Sunday, September 30, 2007

MY Succot

My succot is probably alot different from other people's succot celebrations because well, we're different obviously. And therefore have different experiences.

For the first time in 24 years Hubby didn't put up a sukkah and we were a bit depressed about it but our messianic Jewish friends did and invited us to a meal on Friday night. They have these extravagant meals during the holidays and everyone pitches in to make a few dishes. Being that I don't have a working kitchen yet, I was relegated to buying a few veggies for the "dip". I took along one of my daughters who had never been to them before and told them beforehand of their beliefs so she wouldn't be overly surprised. She wasn't surprised at all being that she already knows her crazy mother has all these crazy friends.

The food was great, as usual, and in their sukkah, I gave over my presentation of Succot that I gave over at my workplace a few days earlier, bringing in stuff from the Zohar/Kabbalah, Chabad and Talmud. Around the table we all spoke about how Christian for the most part Jesus has become. One of the guests made quipped about how "they put back the foreskin on Yeshua" which made me laugh all evening. Hubby asked if Jesus is a Spanish name actually, which made the others laugh.

Then on Saturday I went over to the Old City to shop for the family who will be hosting me when I go to San Francisco this week. It was crowded in the market but the shopowners were still complaining that no one is buying. We bought. We bought a ceramic Armenian style bowl and some small jewellry/trinket boxes for their daughters and couldn't find anything suitable for their young son that wouldn't drive the mother up a wall - if I bought him a darbukah or a flute, the mother probaby wouldn't speak to me with all that racket her son would make. We laughed at a shop that sold a belly dance outfit next to a piece of a religious garment.

When I got home, I saw my e-ticket to San Francisco. Actually it comes from Nablus, so I'm sure I'll have alot of 'splaining to do to the airport officials about why my airplane ticket is coming from a travel agency in Nablus which is in the West Bank/or as they say on their ticket "occupied territory". Better get to the airport especially early for possible interrogation. They're not too friendly over there to people in the peace camp.

I spent the morning making copies of Israeli music for friends in San Francisco from my Rolling Stones email list who will be meeting me on Tuesday. I want to enlighten them with our wonderful music that is really different from the crap they listen to over there. If anything, I could tell those airport officials - I'm the Israeli Ambassador of Music.

Thursday, September 27, 2007

Things are not what they seem

For the first time in 24 years, we do not have a succah. Hubby just didn't/couldn't build one and if I had the extra $$$ I would have had someone buy the material and build it ourselves. Eating a supposed-to-be-festive dinner last night in our unfinished kitchen I think depressed everyone and we all ended up getting grumpy on Grumpa (hubby's new nickname), who again, couldn't stop complaining about everything in that horrible world of his.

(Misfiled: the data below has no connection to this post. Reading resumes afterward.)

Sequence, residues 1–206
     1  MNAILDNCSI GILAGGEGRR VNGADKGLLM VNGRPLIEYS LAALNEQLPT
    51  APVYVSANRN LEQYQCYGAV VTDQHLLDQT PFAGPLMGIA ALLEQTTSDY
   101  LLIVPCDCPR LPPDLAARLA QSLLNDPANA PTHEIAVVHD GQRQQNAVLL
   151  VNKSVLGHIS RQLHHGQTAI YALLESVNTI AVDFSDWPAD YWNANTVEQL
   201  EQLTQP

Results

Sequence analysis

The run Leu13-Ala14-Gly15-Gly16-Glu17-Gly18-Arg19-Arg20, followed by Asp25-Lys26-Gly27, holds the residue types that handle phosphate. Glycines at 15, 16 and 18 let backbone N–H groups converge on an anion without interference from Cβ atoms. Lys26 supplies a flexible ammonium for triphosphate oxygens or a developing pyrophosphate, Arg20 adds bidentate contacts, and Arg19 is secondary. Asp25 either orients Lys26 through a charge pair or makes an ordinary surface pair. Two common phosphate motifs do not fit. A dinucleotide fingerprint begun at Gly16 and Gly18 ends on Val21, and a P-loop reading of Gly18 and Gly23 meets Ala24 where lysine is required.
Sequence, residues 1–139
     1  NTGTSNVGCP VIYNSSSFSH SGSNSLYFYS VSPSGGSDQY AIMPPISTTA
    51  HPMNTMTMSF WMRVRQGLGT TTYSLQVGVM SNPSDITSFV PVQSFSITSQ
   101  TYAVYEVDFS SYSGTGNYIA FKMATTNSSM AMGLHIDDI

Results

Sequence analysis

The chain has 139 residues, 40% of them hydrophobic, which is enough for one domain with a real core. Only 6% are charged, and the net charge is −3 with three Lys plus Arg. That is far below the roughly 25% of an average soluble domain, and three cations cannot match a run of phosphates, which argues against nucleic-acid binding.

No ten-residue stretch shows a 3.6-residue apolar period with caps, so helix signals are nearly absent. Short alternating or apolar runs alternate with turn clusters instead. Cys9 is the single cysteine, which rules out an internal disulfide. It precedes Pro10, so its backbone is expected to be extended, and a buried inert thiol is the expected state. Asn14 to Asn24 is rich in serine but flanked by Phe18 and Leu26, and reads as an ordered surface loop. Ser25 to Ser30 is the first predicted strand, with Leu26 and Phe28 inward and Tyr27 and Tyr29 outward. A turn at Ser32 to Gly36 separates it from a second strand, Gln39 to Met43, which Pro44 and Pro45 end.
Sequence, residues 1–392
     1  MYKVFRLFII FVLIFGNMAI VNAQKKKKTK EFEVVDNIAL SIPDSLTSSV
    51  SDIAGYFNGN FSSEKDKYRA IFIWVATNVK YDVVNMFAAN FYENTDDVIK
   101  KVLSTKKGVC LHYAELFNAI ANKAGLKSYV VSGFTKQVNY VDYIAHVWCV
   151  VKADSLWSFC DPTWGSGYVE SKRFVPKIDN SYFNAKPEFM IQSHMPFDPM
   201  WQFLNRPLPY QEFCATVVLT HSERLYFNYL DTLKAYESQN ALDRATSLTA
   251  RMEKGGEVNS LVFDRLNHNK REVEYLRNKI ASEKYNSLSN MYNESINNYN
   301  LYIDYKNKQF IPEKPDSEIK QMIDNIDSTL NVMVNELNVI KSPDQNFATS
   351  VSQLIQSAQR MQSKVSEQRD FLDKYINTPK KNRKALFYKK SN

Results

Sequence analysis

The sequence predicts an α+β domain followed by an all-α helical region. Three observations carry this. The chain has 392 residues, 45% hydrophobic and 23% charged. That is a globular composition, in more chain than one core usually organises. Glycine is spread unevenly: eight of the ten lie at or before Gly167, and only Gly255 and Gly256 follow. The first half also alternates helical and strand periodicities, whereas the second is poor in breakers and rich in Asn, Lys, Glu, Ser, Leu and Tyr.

But he wasn't the only male who was angry at the world. I was shopping for meat for a barbecue for the holiday (chicken wings and hot dogs - steaks are too expensive) and a few stores down, there's a Judaica store owned by an "religious" American guy. Never had any run ins with him before. I kinda even warmed up to him when he took in a little calico kitten and let her/him run around his shop. But yesterday he was having a bad day. Worse than Hubby ever had. He was yelling and screaming at someone. Everyone around heard him shouting on top of his lungs (in English) but most continued to mind their own business and just walked past.


I heard things smash and I went to look at what's going on. This isn't New York, so you don't have to be scared to get involved, or so I thought.

I step one centimeter into his Judaica store full of religious artifacts and furniture and a plastic juice container comes flying at me. There's a woman standing in the store - I don't know whether it's his wife or just another poor soul.

I come face to face with him and tell him -

"You're scaring everybody with your shouting."

He glared at me. Obviously didn't remember our conversations about the kitten in his store.


"I'm not even in your store."

His anger turned to me - he got red in the face.


I figured he probably wasn't selling as many holy books and yarmulkes as he would have liked. He's having a rough day, I know, but he certainly wasn't acting much like a religious book store owner. And that got me mad. I yelled back -

"WELL,I'D RATHER GO FUCK MYSELF THAN FUCK YOU." There. I walked away from his store, while he hoisted his anger onto me and yelled but I wasn't listening to what he was yelling back to me as I walked away from that store. Never buying a holy book from that guy again - ever.

Wednesday, September 26, 2007

There's no such a thing as a free lunch - or dinner

Maybe God is trying to tell me in a nice way "honey, you've GOT to lose some weight" but, as most people, I don't always listen to Him. This revelation came to me as I've attempted to eat out in restaurants twice, thinking I've got a great deal here. So hey.

The first time I entered an auction at to get a much cheaper dinner for two at a nice fancy restaurant. I got around 130 NIS ($30) off a 300 NIS ($70) dinner for two at Eldad Vezehoo in one of Jerusalem's picturesque quaint alleyways. I really didn't want to go with Hubby. He was getting on my nerves so much these days, but none of my kids wanted to join me and one of my girlfriends was with her boyfriend and my other friend was on a special diet. So Hubby grumpily met me in Jerusalem and began complaining, so much so, that I lost my appetite. I sat through an elegant dinner just listening to him complain and complain and I didn't say a word to him during the entire meal - not even to tell him to shut the fuck up already. I don't know if it was the restaurant or the mood but I just didn't even like what I was eating - the sauce was too sweet and the veggies beneath my salmon dish were too salty. We ended up taking 70% of the food back home in bags so our kids could gulp it down.

Then this week I took my son to the orthodontist and afterwards he wanted to visit my daughter's husband who's a chef at one of Jerusalem's top touristy restaurants. The place is always packed. I didn't want to eat there because a) it's very expensive because it's geared to tourists, and, b) my son-in-law insists on paying which makes me very uncomfortable. We walked into the kitchen to say "hi". My son in-law comes right over.